A new spin on pizza: fresh homemade garlic naan topped with veggies and cheese!
During 2011-2012, I studied abroad in Berlin, Germany. All in all, it was pretty great, though the program had some shortfalls. Sorry, FU-BEST, but there is really no integration with Germans in your program. So I didn’t make any German friends, but I did make some great American friends. I’ve been living with one of them since last August (she has a blog too, go check it out!), and in January another friend from study abroad moved nearby.
During our travels in Europe, we did a lot of hostel cooking to save money. Pasta with red sauce filled with vegetables served with garlic bread was probably the most common, but pizza, sandwiches, stir-fry, and even pancakes also made appearances, not to mention the endless snacks of Nutella on brötchen and Prinzenkekse. Last week, study-abroad-friend-turned-roommate, study-abroad-friend-who-now-lives-nearby, and I decided to make dinner together. Instead of one of our usual staples, we made naan pizzas.
It’s been so hot, we didn’t want to do anything that involved turning on the oven. However, the kitchen has terrible ventilation so using the stove made it hot anyway, but whatever. These were delicious, though, so I think that made up for it. We served them with a semi-healthy side of corn on the cob. This sparked a discussion as to why some Europeans put corn on their pizza and a debate on whether or not we ate pizza in Dublin–one vote for yes, two for no–which was resolved by texting another study abroad friend who then checked her travel journal. We did indeed eat pizza in Dublin.
I was going to show you photos of our hostel meals, but then I couldn’t find any. So instead, study abroad pictures!
But back to the present. Homemade naan is super easy to make. If you’ve never had naan or never heard of it, naan is an South-Asian leavened flatbread traditionally cooked in a tandoor, or clay oven. Ours is cooked in a cast-iron skillet on the stove. The finished product is chewy, puffy, and tastes of yeast and garlic.
While making pizza with naan is definitely a non-traditional application, it is also a perfect use for naan. Our pizzas were “fresh,” i.e. we didn’t bake them again. The cheese got all melty from the residual heat from the naan, and the garlic from the naan was the perfect addition to our toppings.
Topping choices for this are endless and completely customizable as well. We went with two cheeses (goat and mozzarella), fresh spinach, tomato, basil, and caramelized onions, but I think sauteed mushrooms, grilled chicken or vegetables, cucumber, or zucchini would also be great. Just whatever your heart desires.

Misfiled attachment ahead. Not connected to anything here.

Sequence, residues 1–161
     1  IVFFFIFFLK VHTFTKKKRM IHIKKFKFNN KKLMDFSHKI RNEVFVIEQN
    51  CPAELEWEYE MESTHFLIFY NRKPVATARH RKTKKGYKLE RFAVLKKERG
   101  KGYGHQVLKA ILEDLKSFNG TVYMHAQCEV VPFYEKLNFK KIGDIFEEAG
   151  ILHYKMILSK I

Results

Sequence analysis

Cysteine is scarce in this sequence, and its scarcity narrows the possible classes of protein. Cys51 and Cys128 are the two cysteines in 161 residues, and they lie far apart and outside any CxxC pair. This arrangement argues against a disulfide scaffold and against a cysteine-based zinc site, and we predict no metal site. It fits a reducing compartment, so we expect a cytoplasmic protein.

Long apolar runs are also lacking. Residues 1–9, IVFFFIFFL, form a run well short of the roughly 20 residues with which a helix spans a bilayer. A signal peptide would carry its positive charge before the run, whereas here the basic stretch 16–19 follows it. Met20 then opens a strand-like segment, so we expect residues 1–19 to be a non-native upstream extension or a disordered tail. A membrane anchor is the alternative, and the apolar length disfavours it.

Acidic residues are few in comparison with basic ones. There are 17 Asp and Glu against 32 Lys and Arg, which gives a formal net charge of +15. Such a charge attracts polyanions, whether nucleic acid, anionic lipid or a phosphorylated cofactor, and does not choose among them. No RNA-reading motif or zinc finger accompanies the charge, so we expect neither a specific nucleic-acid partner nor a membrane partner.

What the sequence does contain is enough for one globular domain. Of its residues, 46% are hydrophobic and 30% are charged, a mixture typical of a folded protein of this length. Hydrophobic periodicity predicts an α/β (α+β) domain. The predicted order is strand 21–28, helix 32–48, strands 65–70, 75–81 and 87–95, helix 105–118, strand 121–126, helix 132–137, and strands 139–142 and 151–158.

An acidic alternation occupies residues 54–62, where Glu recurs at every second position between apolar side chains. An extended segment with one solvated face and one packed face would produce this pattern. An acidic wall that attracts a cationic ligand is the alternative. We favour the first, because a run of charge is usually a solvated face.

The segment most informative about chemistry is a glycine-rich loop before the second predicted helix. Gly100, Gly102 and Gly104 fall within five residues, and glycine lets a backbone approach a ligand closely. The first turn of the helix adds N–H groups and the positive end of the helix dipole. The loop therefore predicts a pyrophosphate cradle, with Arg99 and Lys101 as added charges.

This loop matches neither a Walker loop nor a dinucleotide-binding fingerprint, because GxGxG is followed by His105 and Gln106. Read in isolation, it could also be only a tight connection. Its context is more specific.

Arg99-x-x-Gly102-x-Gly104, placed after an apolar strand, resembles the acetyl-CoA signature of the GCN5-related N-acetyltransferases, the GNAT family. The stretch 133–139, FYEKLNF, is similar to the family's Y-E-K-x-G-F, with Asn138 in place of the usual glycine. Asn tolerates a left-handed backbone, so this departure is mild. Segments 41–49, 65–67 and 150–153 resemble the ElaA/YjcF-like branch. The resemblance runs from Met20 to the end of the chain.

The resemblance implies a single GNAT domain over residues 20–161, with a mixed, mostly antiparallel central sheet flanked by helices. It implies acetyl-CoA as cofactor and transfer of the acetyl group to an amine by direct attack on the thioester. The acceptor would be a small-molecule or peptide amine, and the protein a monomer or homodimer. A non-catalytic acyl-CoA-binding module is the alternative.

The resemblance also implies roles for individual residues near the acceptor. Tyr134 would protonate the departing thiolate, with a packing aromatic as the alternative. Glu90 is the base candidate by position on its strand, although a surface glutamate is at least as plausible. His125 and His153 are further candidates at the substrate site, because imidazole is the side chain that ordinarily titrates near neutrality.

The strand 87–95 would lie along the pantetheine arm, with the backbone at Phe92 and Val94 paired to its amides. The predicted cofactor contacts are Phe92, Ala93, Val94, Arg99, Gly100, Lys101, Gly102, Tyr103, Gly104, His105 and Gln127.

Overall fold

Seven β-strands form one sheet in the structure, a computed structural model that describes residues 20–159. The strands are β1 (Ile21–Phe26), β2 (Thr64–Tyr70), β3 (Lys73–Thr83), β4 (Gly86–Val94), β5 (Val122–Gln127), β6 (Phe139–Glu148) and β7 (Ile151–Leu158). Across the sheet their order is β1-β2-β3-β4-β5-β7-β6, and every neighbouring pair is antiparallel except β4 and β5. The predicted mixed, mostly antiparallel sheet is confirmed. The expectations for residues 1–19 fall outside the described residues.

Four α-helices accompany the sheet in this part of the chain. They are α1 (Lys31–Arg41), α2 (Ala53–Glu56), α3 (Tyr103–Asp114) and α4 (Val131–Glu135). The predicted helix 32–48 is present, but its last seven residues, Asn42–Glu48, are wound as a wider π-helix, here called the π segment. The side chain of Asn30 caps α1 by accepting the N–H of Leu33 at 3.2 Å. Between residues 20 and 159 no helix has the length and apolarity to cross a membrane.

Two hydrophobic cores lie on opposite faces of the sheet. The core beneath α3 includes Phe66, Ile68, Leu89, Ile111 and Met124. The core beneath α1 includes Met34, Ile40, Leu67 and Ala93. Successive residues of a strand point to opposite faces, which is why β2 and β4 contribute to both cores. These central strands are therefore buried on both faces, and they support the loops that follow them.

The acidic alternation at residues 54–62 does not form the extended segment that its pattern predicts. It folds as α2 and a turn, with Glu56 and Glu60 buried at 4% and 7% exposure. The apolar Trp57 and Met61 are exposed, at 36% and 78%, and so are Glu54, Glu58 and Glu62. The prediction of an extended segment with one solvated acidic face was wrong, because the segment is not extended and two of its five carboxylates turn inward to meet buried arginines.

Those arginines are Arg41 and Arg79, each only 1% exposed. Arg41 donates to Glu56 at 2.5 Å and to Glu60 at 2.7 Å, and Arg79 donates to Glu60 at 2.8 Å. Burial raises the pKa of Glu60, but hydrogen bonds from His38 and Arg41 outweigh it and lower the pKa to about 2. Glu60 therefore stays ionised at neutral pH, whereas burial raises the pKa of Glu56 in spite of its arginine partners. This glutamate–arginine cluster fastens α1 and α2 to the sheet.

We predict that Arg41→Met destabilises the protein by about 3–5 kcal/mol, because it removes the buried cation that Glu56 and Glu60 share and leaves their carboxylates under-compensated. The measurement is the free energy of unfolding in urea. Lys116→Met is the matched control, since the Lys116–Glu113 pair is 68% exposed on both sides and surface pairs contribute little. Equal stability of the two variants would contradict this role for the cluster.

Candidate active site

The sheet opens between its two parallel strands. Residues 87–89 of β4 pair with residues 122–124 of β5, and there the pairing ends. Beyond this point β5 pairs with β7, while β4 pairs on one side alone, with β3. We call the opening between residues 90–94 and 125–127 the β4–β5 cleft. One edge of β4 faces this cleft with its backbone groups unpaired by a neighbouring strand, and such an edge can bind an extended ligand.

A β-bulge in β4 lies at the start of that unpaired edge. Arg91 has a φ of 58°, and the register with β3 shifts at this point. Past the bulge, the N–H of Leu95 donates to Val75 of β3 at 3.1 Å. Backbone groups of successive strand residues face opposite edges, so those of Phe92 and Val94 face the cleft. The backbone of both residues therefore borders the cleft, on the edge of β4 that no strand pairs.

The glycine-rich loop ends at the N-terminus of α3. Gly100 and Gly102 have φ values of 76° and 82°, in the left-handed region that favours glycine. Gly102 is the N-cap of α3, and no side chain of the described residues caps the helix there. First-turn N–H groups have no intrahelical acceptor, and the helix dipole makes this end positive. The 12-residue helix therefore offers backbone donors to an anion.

Adapted from Alaska from Scratch
Makes: 6 pieces (about 6-inch long ovals)
- 1 1/3 cup water at about 110 degrees Fahrenheit
- 1 packet active dry yeast (or about 3/4 T)
- 1 T sugar
- 1 tsp salt
- 1/8 cup olive oil, plus more for the pan
- 3 – 3 1/2 cups flour (I used 1 cup whole wheat and 2 heaping cups white, I’ve also used all white whole wheat)
- 1 T butter
- 2 cloves garlic, minced
Place warm water, yeast, and sugar in a large bowl (or the bowl of your stand mixer). Let stand for about five minutes as the yeast reacts and becomes bubbly. Stir in the salt and olive oil, then gradually add the flour. The dough should be sticky and should not be stiff. If you don’t have a stand mixer, you can do the last bit of mixing by turning the dough onto a clean countertop or workspace and kneading briefly–but it will be messy!
Transfer dough to a large lightly oiled bowl. Let rise, covered, at room temperature for two hours. It will rise a lot!
After two hours, place in the fridge for about an hour or until ready to use to make it easier to handle.
Melt butter and place in a small bowl with the minced garlic.
There are several ways to attack the actually cooking of the naan. You can either (1) divide all the dough into tennis sized balls and place them on a floured surface and make them into rounds before each goes into the pan. You can also (2) make dough balls and stretch the it into rounds at this point, and then once all your dough is flattened into circles, you can begin frying the dough. Or, you can (3) leave the dough in the bowl and grab dough as needed. I’ve done (1) and (3) and I prefer option three.
Heat a cast-iron skillet over medium-high heat and coat with olive oil. Place one round of dough in the pan. Spoon some of the melted butter and garlic over the dough. When the underside is slightly browned, flip, and cook until both sides are golden brown (about 5 minutes total). Remove, add more olive oil if needed, and repeat!
Top a piece of fresh naan with your favorite pizza toppings, such as mozzarella, tomatoes, fresh spinach, onions…and enjoy!
Want more from TheWordyBaker? Check out my Twitter!
Posted to Sugar and Dots’s What I Whipped Up Wednesday!